By Brian Zumhagen
HIAS was among the recipients of the Afghan Institute for Strategic Studies’ Avicenna International Award for Intercultural Cooperation for Peace. The London-based AISS presented this year’s award to Jewish non-governmental organizations that provided critical support for the resettlement of Afghans displaced after the fall of Kabul to the Taliban in 2021. The Jewish Federations of North America and World Jewish Relief were also honored alongside HIAS.
Accepting the award on behalf of HIAS at a ceremony in London on June 26, HIAS+JCORE Executive Director Rabbi David Mason said the organization’s efforts on Afghan resettlement represent not only HIAS’ values, but also the values of “a Judaism that doesn’t stay inside and only care about itself and its people — a Judaism that looks outside as well and cares about others. This is a Judaism that feels a deep sense of responsibility,” he said.
When Kabul fell nearly two years ago, Mason continued, HIAS was able to put those values into practice “in an incredibly deep way, with organizational support and advice, frontline support for resettlement of Afghans, and deployment of staff to places of need, as well. And this impacted on thousands of people. This all makes me so proud to be Jewish today,” the HIAS+JCORE executive director told the assembled guests.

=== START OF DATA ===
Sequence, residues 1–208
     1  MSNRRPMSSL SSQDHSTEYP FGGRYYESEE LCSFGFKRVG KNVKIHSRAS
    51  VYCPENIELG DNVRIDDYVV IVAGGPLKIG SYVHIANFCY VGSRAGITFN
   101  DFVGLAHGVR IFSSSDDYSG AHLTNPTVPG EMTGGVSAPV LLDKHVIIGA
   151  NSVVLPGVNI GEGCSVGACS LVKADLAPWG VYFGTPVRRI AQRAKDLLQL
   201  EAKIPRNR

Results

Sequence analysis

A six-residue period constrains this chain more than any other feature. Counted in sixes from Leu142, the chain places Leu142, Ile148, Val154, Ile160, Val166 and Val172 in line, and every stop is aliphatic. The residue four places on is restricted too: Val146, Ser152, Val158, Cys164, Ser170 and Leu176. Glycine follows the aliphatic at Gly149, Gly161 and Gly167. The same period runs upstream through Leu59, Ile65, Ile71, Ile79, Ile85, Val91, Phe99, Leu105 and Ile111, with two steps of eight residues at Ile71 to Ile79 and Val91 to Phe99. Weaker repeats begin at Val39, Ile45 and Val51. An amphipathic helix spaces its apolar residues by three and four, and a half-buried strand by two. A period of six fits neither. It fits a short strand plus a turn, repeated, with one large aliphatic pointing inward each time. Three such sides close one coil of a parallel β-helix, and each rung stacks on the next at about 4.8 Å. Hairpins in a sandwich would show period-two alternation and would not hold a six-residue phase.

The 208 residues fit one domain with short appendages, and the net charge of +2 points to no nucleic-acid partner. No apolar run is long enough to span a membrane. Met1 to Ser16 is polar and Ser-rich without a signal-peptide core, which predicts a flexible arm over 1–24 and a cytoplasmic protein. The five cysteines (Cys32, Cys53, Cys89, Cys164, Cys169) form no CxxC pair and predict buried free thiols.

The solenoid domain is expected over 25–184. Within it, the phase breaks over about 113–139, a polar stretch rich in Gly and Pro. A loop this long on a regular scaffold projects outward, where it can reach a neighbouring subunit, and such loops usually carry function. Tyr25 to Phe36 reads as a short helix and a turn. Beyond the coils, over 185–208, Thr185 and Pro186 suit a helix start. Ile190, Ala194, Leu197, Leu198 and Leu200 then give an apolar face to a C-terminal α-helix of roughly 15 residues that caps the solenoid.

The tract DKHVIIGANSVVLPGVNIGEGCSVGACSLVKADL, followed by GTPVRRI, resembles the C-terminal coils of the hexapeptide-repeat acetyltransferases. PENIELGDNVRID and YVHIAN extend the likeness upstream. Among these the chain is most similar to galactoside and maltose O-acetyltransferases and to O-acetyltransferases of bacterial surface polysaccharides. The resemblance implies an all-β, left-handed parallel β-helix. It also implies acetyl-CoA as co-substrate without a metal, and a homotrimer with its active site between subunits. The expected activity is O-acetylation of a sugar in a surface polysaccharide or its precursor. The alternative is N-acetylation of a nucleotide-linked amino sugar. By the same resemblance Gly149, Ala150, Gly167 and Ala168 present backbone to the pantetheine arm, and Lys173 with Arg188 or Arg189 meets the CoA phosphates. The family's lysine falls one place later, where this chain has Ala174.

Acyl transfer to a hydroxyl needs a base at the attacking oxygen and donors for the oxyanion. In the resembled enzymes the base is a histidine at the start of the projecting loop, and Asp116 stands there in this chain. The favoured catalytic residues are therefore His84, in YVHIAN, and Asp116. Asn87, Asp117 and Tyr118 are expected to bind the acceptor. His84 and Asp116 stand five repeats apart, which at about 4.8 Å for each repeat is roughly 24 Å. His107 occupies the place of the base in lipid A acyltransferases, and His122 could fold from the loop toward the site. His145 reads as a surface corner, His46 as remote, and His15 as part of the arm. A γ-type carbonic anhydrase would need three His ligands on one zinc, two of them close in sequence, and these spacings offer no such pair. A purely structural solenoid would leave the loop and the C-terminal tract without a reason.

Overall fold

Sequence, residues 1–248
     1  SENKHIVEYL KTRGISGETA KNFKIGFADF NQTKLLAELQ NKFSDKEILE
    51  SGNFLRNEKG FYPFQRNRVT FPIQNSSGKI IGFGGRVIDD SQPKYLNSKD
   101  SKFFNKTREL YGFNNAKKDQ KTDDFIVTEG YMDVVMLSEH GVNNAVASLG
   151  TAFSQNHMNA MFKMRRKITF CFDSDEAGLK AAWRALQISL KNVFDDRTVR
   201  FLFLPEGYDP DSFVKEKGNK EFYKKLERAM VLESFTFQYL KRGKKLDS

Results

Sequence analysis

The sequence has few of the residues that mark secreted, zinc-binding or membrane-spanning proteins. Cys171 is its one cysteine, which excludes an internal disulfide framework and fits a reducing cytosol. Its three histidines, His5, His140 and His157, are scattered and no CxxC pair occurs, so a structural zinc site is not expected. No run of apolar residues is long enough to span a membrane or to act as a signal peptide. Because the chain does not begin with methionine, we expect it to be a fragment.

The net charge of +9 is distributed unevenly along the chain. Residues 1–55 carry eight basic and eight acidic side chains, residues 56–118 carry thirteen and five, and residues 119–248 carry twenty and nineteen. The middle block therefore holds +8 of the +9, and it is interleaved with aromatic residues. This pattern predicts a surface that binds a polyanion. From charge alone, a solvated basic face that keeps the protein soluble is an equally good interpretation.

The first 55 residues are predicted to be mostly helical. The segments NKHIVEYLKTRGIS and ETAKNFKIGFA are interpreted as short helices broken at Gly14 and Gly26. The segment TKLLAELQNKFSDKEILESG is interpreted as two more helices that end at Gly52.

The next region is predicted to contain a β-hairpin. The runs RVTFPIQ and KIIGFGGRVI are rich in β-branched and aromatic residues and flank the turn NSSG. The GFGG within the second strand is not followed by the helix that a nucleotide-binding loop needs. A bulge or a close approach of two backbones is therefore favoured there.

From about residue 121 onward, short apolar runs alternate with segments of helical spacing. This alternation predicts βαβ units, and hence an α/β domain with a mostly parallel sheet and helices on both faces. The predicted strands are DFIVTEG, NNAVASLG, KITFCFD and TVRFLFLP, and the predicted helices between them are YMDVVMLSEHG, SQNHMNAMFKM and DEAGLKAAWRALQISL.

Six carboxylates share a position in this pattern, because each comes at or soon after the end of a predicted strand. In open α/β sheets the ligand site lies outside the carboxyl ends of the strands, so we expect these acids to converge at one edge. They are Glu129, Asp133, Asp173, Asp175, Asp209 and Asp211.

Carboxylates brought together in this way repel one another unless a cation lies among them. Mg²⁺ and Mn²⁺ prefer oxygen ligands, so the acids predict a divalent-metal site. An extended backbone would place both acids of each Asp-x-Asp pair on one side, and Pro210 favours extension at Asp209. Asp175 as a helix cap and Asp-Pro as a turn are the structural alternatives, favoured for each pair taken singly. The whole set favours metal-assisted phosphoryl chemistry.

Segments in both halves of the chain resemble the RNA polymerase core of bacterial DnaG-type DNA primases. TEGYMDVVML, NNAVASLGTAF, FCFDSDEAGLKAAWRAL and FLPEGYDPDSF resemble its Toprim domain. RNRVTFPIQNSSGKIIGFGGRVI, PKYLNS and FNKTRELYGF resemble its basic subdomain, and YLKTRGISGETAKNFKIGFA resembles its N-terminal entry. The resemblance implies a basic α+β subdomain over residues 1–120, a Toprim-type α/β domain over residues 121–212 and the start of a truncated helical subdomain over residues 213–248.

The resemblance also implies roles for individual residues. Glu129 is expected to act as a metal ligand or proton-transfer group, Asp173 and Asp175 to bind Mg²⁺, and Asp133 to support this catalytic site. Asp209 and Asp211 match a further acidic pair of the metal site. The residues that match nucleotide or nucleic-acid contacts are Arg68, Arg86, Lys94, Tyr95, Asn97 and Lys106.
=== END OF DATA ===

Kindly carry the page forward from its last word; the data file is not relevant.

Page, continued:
Rabbi Mason was joined by keynote speaker Dr. Shirin Ebadi, who discussed the importance of compassion and solidarity beyond borders. This is a spirit that she said was exemplified by the event itself, which brought together Jewish, Muslim and Christian guests for an evening not only of speeches, but also of celebration, including Afghan musical performances and dance.
The Avicenna Peace Award honors distinguished individuals, institutions, initiatives, and projects. It advocates dialogue, intercultural exchange, mutual coexistence, and non-violent approaches. It is named for the Islamic philosopher Avicenna, who AISS calls the “most significant philosopher in the Islamic tradition and arguably the most influential philosopher of the pre-modern era.”